splef-ty \'splef-te̅ \ adj: nifty, novel, cool or clever.
Sat, 12 Jun 2004

Litigation-Proof Engineering

I finally got a second phone line installed at my house so that business-related calls won’t ring on my home line. I ordered the line; Verizon promised that they would try to install it by a month (!) after the order date. When the month passed, they charged me big bucks for the activation, modified some settings in the central office and started billing me. The problem; there was still no second pair of wires to the house!

After 20 minutes of the usual shenanigans with Verizon customer service (“Our records show this line was activated last week. How to you know that you do not have service on this number?” “Because there are no wires for it.” “That’s impossible.” “I’m sorry.”) they agreed to send a truck out the same day. The tip and ring guys actually did come out, pull a nice, fresh 2-pair cable and replace my demarcation box with a new one.

The demark box is interesting. When I hooked up the second line, I left everything open so that it would be easier to trace problems when it didn’t work. I went upstairs to my office. No dial tone. I traced to my patch panel in the basement. No dial tone. I clipped my test set on the screws at the demark. No dial tone. Huh?

I plug the test set into the RJ-11 connector. Dial tone. Ahhh. So the RJ-11 is not an outlet of convenience; rather, it ensures that the screw terminals are disconnected from the telephone company’s equipment whenever the door is open. The door itself contains a male RJ-11 that plugs into the box and a foam seal to keep bugs out. The cord wraps around behind the door and to the screw terminals.

Telephone Demarcation Box

Really, it’s quite ingenious (although annoying if one is trying to isolate a problem.) It means that the customer can’t get shocked by ring voltage inside the box owned by the telephone company, and once the wires are inside the house, it’s the customer’s problem.

I was kind of sad removing my old single pair telephone wiring. It’s from the early 20th century and is incredibly durable; it’s been exposed to the elements out side my house for probably 80 years and is still in fine shape. It’s called Telepren and is a heavy-duty twisted pair cable. (It’s made by taking a pair of wires and twisting them!) It was manufactured by Whitney Blake.

Below is the 18-gauge Teleprene, some 24 gauge station cable from 10 or 15 years ago, and some 26 gauge made-in-China station cable I bought at Lowe’s because they don’t sell anything better. A single strand of the old wire contains more copper than all six strands of the new stuff.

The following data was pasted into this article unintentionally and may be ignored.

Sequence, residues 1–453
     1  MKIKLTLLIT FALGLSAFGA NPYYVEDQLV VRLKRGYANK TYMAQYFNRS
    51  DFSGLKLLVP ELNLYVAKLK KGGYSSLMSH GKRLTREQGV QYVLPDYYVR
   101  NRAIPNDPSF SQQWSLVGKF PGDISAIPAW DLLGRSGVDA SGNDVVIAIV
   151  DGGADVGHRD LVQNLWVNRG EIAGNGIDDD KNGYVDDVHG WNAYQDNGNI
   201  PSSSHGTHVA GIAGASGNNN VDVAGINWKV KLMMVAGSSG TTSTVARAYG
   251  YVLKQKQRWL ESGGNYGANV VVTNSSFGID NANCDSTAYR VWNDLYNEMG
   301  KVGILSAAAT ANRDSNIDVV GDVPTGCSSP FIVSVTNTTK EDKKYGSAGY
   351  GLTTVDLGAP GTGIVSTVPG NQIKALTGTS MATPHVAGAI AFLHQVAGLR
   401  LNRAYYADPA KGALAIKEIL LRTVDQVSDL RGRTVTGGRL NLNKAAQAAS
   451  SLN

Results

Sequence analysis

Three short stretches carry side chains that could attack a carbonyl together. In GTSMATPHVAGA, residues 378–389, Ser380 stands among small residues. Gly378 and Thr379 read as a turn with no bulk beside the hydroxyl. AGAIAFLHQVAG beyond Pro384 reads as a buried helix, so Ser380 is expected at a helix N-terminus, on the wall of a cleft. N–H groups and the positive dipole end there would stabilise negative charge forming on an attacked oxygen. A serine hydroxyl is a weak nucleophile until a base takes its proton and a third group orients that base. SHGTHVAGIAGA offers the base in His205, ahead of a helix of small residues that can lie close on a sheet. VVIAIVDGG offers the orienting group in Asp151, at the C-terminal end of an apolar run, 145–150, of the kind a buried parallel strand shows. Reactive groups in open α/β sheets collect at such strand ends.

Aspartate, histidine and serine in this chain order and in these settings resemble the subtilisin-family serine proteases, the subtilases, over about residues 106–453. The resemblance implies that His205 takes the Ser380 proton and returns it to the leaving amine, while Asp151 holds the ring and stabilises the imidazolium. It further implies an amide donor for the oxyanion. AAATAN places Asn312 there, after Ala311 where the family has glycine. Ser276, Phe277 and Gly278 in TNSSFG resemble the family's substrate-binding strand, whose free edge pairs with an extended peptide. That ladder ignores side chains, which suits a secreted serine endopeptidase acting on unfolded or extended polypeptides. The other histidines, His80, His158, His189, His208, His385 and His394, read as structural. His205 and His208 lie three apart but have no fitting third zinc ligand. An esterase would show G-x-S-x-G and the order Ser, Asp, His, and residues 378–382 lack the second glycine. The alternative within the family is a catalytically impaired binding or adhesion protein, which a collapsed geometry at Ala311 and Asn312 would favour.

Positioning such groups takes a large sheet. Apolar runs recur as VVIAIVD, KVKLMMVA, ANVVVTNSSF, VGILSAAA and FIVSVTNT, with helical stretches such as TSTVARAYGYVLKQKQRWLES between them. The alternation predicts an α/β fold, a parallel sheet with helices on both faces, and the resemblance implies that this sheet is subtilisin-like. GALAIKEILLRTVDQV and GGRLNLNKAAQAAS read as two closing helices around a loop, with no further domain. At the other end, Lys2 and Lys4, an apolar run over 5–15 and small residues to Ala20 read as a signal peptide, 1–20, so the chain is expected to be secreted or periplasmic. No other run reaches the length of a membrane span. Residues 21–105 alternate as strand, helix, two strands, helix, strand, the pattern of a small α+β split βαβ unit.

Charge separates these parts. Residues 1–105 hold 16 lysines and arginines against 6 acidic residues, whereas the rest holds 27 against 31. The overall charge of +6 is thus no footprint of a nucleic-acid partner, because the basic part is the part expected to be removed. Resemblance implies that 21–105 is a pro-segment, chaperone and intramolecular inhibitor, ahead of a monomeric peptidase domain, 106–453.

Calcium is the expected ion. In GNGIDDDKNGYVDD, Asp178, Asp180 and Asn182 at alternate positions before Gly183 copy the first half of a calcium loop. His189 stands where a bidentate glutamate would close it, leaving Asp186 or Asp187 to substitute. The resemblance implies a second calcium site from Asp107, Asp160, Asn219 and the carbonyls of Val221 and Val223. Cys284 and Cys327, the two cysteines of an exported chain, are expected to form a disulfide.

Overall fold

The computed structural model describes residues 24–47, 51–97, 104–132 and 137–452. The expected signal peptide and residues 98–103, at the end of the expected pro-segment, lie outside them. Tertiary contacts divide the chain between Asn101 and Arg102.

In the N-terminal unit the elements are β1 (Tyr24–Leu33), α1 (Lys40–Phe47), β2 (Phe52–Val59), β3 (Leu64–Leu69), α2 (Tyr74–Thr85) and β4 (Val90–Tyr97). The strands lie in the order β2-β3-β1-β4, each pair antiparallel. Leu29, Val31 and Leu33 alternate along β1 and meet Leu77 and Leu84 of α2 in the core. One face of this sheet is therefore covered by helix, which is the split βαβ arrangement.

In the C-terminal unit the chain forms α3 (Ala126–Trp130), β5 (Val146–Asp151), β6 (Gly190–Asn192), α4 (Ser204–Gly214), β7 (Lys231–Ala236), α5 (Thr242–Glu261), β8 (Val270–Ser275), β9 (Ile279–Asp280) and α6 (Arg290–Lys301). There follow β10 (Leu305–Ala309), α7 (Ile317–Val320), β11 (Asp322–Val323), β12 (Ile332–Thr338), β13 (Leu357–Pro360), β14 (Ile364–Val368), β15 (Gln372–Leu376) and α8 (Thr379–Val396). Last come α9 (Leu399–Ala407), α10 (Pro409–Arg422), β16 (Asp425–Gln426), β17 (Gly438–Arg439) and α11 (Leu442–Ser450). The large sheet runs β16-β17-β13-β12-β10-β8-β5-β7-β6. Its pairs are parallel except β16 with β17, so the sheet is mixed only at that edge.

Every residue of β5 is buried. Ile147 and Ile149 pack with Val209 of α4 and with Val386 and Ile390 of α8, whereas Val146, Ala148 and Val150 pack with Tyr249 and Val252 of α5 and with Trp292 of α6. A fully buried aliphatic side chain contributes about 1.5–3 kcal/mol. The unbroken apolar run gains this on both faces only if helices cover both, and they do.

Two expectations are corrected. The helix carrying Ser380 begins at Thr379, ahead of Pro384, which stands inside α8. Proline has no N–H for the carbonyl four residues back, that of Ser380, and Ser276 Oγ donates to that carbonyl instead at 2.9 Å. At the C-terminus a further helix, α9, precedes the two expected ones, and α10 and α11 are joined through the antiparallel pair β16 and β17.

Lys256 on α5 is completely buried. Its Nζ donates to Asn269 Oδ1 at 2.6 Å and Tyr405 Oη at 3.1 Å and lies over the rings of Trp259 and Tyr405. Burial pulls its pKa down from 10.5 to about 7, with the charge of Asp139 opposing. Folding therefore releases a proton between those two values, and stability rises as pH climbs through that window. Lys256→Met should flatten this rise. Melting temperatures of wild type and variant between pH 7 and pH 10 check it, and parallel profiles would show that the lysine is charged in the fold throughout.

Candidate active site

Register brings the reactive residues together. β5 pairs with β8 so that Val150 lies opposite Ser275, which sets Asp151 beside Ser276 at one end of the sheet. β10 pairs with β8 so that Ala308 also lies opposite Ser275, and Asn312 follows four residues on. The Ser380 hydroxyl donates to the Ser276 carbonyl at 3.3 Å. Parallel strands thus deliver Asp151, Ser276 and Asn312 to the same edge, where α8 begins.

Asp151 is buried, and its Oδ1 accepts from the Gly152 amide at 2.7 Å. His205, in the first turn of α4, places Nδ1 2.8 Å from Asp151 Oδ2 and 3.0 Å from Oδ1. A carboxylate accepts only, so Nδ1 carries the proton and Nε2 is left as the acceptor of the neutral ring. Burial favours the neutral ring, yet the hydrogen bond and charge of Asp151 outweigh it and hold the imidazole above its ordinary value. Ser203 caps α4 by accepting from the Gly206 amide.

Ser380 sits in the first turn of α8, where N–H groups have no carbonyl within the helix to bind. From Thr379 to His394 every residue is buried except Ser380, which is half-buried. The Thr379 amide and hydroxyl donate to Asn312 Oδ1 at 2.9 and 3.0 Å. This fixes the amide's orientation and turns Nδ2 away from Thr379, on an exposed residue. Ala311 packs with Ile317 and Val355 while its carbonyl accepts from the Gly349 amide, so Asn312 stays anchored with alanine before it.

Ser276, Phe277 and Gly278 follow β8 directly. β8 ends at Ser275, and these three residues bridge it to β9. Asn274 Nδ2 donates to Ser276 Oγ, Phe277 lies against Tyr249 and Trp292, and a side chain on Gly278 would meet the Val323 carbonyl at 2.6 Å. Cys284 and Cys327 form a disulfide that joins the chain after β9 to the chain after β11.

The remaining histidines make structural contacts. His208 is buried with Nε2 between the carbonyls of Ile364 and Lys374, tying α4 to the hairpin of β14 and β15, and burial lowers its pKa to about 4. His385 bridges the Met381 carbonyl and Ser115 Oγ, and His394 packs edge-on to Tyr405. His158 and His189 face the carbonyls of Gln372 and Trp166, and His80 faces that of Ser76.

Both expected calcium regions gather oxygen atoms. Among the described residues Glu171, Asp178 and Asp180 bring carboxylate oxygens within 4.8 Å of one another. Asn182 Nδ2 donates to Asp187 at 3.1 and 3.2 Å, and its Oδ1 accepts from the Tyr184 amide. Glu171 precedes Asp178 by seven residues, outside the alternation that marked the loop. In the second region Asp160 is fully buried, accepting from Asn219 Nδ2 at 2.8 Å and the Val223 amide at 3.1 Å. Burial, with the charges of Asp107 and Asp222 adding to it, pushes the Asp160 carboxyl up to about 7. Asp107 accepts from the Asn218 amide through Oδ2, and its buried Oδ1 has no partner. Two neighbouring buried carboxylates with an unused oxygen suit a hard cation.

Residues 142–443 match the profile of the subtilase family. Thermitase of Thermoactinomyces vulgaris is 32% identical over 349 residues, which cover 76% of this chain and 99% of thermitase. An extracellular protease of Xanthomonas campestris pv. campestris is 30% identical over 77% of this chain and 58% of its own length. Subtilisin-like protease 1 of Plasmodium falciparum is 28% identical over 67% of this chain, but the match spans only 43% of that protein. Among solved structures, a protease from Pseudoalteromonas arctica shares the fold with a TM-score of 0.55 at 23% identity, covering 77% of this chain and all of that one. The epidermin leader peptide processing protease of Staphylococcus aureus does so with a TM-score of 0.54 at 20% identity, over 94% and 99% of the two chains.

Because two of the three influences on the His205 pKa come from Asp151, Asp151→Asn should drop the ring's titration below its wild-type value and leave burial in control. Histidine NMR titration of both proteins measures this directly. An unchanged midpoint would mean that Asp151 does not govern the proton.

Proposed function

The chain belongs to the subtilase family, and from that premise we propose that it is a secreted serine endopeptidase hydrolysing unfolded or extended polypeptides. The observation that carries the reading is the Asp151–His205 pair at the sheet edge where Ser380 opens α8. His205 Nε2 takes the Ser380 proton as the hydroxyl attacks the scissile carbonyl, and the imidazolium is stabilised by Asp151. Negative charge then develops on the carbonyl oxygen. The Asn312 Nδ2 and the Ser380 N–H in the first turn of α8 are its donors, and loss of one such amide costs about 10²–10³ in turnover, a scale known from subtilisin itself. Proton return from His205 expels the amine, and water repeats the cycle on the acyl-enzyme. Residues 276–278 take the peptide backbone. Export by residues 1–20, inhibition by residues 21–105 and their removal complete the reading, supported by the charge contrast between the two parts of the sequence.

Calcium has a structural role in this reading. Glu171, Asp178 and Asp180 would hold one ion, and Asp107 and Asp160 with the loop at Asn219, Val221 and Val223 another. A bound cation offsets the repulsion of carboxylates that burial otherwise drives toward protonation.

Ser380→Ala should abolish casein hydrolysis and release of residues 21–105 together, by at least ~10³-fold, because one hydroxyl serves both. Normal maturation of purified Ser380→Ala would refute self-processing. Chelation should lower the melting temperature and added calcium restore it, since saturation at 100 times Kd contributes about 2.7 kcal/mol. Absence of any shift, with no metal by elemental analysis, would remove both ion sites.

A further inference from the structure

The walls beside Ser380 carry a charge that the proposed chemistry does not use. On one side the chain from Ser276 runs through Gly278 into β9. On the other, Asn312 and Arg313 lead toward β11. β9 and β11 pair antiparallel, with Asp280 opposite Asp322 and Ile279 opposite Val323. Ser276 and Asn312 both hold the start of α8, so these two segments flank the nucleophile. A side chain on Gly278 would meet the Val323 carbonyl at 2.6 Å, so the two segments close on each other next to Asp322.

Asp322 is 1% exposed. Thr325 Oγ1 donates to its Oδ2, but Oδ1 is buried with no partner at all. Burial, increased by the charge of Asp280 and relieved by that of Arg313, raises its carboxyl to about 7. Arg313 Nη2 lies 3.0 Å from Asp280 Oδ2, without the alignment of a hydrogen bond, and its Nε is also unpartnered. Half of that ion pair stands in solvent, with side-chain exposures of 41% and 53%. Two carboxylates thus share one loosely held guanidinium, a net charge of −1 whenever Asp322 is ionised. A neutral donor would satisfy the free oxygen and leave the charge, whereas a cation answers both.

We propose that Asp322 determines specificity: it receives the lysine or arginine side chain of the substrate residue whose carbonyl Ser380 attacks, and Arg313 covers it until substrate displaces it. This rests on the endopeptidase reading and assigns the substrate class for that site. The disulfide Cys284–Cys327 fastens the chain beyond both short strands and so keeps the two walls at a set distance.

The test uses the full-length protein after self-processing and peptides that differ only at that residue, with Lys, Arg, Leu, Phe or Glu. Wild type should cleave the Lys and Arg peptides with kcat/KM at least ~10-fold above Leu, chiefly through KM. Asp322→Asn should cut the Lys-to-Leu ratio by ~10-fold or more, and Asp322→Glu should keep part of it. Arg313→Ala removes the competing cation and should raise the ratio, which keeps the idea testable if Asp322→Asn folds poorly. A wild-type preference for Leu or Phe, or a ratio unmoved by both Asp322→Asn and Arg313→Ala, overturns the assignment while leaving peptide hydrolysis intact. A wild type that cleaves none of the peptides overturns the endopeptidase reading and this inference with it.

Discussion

I don’t know whether to be sad about the new cable because it’s complete crap, or happy today’s carbon copy subdivisions are being wired with a cable that requires less ecologically destructive copper mining per mile of cable.

Teleprene telephone cable vs today's station cable.


Sat, 21 Feb 2004

Dear Kyocera Customer

I’m sure everyone has seen lists of funny (mis)translations of Japanese into English. (The stuff at Engrish.com is a bit more credible than the “notes from a frequent traveller to Japan” that used to be sent around as net dreck). So upon receiving the following warning from Kyocera about a possibly defective cell phone battery, I figured a non-native speaker of English was to blame.

Dear Kyocera Customer,

It has come to Kyocera Wireless Corp’s attention that an allotment of batteries to be used with the Kyocera 7135 Smartphone might contain a risk hazard. The batteries in question are easily identified by a product code ending in “-05”…

Of the 50,731 units shipped in the United States, Kyocera has received four (4) confirmed reports of rapid disassembly. Of these four (4) reports, one involved personal injury in the form of a second degree burn and two (2) reported incidents resulted in minor property damage…

Continued use of the phone with the “-05” battery could result in injury in the form of burns due to the battery’s rapid disassembly (which may appear as an explosion), or emission of excess heat.

The battery’s “rapid disassembly” may cause burns or appear as an explosion? This kind of language could be helpful to the DoD’s public relations department. Example: “Five BLU-82s were dropped during the operation, where they underwent rapid disassembly.”

OK, I can understand Kyocera’s desire to avoid use of the word “explosion” (or even worse, the dread phrase “catch on fire” that became permanently associated with Apple’s Powerbook 5300 after spectacular failures of its early-generation lithium-ion battery.) My real complaint is the choice of the word “disassembly” as a synonym for “failure”. Assembly and disassembly are acts performed be people (or these days, by machines) on inanimate objects. My ‘84 Volvo is not undergoing slow disassembly in the back yard. It is rusting, it is decaying, it is maybe even falling apart, but it is not disassembling.

It turns out this is a translation not from Japanese but from Legalese; the letter is authored by a Mr. Charles Walters, Legal Counsel for Kyocera Wireless Corp. Two grammar-point penalty for you, Mr. Walters.